Quick announcement: Walking an Ancient Path is available in both blog and podcast formats. The blog has been hosted on the ancientfaith.com website for almost five years now, but Ancient Faith Ministries will shut down its entire blog platform on October 1st. I will continue the blog by migrating it over to a Facebook business page. I have a very short time to figure all that out, but I hope to have it up and running by the end of the month. Unfortunately . . . Facebook. I’ve made a point of avoiding social media, but this is probably the easiest, and most easily accessible, way to continue the blog. So, search for Walking an Ancient Path there, and spread the word to anyone you think would benefit from the content, especially if they prefer reading to listening. An added bonus to the blog: I often feature my hubby Rob’s beautiful photography there.
And now, back to our regularly scheduled programming.
Yesterday I received a marketing letter from a local funeral home, and I’m wondering if this is going to be a regular thing. Do they know how old I am?
It’s like when I used to be on Facebook, and my feed would include ads about weight loss and moisturizers. Accurate. And also slightly offensive. How do they know?
The funeral ad was unusual in the context of all the advertising that assaults us daily. An alien watching television would conclude from the commercials that Americans don’t die. They do, however, get old, fat, and sick, and they spend lots of money on products designed to delay aging, lose weight, and get healthy. Denial of death is big business.
Yet it’s interesting to me that for all the energy we put into thinking about, caring for, and tinkering with our physical bodies here in the West, we put very little thought into the meaning of the human body. Are our bodies important? Does our personhood require a body? Or is my body simply a vehicle that allows the real me—the person inside the fleshly shell—to get around and do things?
My Body, My Self
The messages from the world say that our bodies are important, with a strong emphasis on physical attractiveness and health. And, of course, the really worthwhile bodies in the worldly mindset are young, unblemished, strong, and shapely. Magazines, movies, and TV shows celebrate attractive bodies, and in pornography the human body is valued completely apart from the entire person. People spend billions of dollars on cosmetics, plastic surgery, and drugs to maintain youthful and vigor. I’m speaking in really vague terms here, and won’t belabor this point, because I know of several families who listen to this podcast together. The details aren’t necessary. We all live, work, and study in this superficial, carnal world. You get the picture.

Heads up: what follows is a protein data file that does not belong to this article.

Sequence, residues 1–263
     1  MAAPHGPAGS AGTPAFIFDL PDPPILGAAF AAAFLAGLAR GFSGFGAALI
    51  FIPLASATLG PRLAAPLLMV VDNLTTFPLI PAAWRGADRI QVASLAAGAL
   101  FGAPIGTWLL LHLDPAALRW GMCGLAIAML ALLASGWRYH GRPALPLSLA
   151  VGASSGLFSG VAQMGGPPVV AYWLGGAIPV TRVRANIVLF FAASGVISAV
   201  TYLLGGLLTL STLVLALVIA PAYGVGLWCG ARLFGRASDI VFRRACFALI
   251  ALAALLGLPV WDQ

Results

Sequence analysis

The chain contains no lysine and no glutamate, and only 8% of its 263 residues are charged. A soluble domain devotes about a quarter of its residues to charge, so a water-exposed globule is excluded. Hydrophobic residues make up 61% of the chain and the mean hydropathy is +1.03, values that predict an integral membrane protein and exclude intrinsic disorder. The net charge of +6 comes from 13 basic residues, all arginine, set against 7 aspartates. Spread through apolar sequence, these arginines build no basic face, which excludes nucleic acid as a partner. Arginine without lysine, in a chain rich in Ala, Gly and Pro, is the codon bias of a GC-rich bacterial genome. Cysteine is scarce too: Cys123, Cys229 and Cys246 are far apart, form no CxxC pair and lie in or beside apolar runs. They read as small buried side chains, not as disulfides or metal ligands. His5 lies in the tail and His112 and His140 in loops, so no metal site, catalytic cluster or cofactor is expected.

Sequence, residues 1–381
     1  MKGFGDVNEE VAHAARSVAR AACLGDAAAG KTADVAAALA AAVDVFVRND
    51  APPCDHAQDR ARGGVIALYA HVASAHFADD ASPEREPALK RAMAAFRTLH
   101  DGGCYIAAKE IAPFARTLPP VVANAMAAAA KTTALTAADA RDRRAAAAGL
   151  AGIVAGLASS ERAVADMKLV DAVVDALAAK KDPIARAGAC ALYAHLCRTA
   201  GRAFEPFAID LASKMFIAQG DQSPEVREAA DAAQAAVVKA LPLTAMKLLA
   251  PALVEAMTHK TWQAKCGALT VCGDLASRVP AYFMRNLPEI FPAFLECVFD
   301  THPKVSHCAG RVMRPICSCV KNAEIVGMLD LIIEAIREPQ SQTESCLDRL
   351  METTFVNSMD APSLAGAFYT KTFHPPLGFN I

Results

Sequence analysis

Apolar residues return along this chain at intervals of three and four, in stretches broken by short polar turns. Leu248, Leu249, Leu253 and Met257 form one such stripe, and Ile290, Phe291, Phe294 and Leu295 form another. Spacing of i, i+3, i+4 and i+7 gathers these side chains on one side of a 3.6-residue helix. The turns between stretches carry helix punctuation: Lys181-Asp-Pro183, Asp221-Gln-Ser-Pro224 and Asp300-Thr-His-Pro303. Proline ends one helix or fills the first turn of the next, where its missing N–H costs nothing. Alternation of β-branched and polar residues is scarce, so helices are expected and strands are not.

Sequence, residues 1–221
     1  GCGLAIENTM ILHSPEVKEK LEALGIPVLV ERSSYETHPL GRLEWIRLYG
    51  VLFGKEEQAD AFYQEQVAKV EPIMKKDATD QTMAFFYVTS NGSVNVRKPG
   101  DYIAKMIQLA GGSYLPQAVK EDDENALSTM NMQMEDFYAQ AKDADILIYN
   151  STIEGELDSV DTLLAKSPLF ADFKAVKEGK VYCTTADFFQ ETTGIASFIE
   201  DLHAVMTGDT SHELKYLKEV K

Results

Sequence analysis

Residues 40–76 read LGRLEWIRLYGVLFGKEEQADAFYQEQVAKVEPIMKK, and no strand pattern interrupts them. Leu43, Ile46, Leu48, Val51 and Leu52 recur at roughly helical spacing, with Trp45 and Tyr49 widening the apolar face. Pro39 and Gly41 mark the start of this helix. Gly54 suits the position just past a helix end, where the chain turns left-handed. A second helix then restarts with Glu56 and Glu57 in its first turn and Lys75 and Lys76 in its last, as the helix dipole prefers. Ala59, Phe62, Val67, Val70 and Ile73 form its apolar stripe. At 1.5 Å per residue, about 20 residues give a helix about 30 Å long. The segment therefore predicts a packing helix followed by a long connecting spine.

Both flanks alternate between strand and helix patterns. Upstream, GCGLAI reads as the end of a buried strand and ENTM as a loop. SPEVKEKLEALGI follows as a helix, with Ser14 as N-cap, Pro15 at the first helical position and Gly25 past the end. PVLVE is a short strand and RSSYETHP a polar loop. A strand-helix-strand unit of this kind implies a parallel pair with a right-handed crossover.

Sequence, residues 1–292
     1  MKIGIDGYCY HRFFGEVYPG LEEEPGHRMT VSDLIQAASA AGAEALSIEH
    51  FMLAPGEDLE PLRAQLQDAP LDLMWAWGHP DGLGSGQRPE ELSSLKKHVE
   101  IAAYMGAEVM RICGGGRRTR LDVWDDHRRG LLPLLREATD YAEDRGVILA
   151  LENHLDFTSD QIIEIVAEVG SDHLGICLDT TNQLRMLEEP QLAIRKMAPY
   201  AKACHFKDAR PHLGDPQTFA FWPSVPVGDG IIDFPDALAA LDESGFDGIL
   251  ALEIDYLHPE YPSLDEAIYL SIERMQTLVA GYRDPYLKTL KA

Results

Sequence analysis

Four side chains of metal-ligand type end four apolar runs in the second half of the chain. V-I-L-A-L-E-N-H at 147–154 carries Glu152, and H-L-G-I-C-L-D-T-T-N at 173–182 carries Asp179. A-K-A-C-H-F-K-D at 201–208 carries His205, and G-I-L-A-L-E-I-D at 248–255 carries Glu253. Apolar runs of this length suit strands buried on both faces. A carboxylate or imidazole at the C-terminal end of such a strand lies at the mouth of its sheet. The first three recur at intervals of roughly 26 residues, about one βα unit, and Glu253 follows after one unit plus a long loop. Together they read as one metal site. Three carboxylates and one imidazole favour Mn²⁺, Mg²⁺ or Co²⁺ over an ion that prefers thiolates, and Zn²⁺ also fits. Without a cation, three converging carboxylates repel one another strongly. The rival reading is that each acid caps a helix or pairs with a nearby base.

The heterodox Christian world tells us our bodies are important, too, and usually—hopefully—with less emphasis on the superficial. A favorite verse on this topic is 1 Corinthians 6:19: “Do you not know that your body is the temple of the Holy Spirit who is in you, whom you have from God, and you are not your own?” This passage and others, such as Psalm 139, in which King David describes our bodies as being “fearfully and wonderfully made” (v. 14), generally result in a positive emphasis on health among Protestants. They understand that one of the benefits of good health is the ability to use our bodies in service to God and to others.
As Metropolitan Kallistos Ware explains in his little book The Power of the Name: The Jesus Prayer in Orthodox Spirituality,
A human being, in the biblical view, is a psychosomatic totality—not a soul imprisoned in a body and seeking to escape, but an integral unity of the two. The body is not just an obstacle to be overcome, a lump of matter to be ignored, but it has a positive part to play in the spiritual life and it is endowed with energies that can be harnessed for the work of prayer. (Kindle edition, Loc. 465)
This emphasis on the body as a tool for service is definitely absent from the secular obsession with physical attractiveness and strength. Mother Ann Lee, founder of the 19th-century religious sect the Shakers, is famous for the saying, “Put your hands to work and give your hearts to God.” Bishop Theophan, in The Art of Prayer, wrote something similar: “The hands at work, the mind and heart with God” (p. 92). But I don’t think I’ll ever see a Peloton commercial with the message, “Wow, your body is so toned and fit, just imagine how many crates of applesauce you could load for a food bank!”
But what about the value of the human body in death? Here, oddly enough, the atheistic and heterodox Christian views seem to converge. Protestant Christians emphasize the soul’s eternal destiny, but many believers and nonbelievers both see the body itself almost as an afterthought. After death it’s not useful anymore, and its deposition is completely a matter of personal choice.